How did that zine project come about, and why did you choose those cities?
“You hear a lot about major cities and major artists navigating them, and I was intrigued to explore more outside of my comfort zone and discover creative communities and cultures that I had not yet experienced. I’d been a very London-centric person, I lived there most of my life, and focused a lot of my energy and thought-processes around that. I really wanted to explore more artistic communities and cultures and their social status in societies. I’m very interested in people and how they navigate their surroundings.
"I’d never been to any of these places so I was jumping in with no knowledge and that’s what I wanted – I wanted to learn from people and be able to hopefully show it in print. I picked a few places I’d heard about. Glasgow I know has a very strong creative scene. I was very interested in going to Poland because I wanted to learn about how queer communities navigate the government and the politics there, and if/how they can express themselves creatively in a country that is hostile toward queer people. I’m interested in talking to people living in these places past the surface stuff you see in the media.”
How was the Kyiv experience?
“I went before the war, it was in November last year. It was amazing, it was my favourite place I’ve ever been – I love Kyiv a lot and think it’s an amazing city with really lovely people. It was very different culturally to the UK, of course. Very different visually with amazing mismatched architecture. And really, really friendly people. One thing I took away from making this project is the importance of connecting with people. Zoom is very convenient and lovely, but going to each place was such an amazing experience. I was immersed with people and we would do a more formal interview but we would hang out, they’d show me their lives in the city and I really felt like I got to experience these places and that isn’t possible without that kind of connection.”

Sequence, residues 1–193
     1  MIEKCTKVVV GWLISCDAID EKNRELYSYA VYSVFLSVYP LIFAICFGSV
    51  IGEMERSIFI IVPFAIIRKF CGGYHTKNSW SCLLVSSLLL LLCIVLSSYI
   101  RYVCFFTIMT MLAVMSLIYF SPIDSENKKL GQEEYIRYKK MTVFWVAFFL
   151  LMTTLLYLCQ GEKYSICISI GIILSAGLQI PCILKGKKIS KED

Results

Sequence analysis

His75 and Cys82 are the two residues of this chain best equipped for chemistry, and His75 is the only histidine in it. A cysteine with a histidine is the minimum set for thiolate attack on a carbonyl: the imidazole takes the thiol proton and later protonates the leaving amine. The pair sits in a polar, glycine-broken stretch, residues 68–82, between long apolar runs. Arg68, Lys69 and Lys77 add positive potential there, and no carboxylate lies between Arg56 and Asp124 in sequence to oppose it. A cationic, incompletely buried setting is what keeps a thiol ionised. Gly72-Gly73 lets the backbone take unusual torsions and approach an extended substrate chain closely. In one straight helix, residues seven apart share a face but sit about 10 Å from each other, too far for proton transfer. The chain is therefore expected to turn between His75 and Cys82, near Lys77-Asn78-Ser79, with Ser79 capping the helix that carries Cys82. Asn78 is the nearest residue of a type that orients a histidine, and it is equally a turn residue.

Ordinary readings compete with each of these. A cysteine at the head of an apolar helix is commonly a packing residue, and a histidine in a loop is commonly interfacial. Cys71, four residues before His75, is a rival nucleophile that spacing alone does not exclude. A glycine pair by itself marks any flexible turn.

What did you take away from your travels around Europe?
“One of the nicest things about it was realising how much focus is put on these big cities. I was going to all these smaller cities – Leipzig is about the size of Brighton – and just seeing these places and how strong the work is there in these communities. Everyone is concerned with their own spaces and circles, everyone lives in their bubble and there are billions of bubbles across the planet, but it was very eye-opening to me how true that is. We often concern ourselves with ourselves or within the peripheral of whatever media we’re given, it’s all very tailored to us – what papers you read, what shows you watch, what platforms you follow on social media. It was very interesting to see just how closed-off we actually are.
"With the art, there’s not one linking thing, but a lot of it is very raw, a lot of it is experimental as well. A lot of artists are creating very free of commercialism, there’s a lot of play involved and different mediums being used at once. One of the artists in Ukraine did paintings all in an abandoned building and did an exhibition there, and one of her main points was how the galleries in Kyiv only take established artists and it was her middle finger up to the system by painting the walls so there’s no way she can profit off this art. It’s hard to make money or be successful in some kind of way as an artist, so they’re creating purely out of social or creative wants and needs, which is really inspiring and creates a lot of raw, energetic and political work.”